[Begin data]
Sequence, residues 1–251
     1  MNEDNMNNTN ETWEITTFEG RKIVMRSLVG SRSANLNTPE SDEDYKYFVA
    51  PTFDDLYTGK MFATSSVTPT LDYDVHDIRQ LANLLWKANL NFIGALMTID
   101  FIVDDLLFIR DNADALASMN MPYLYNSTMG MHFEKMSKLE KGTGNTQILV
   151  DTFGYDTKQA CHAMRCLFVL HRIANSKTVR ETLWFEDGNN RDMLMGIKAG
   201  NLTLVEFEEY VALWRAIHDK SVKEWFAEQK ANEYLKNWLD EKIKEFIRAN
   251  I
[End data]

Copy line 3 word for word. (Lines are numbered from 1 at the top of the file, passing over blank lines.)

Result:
    51  PTFDDLYTGK MFATSSVTPT LDYDVHDIRQ LANLLWKANL NFIGALMTID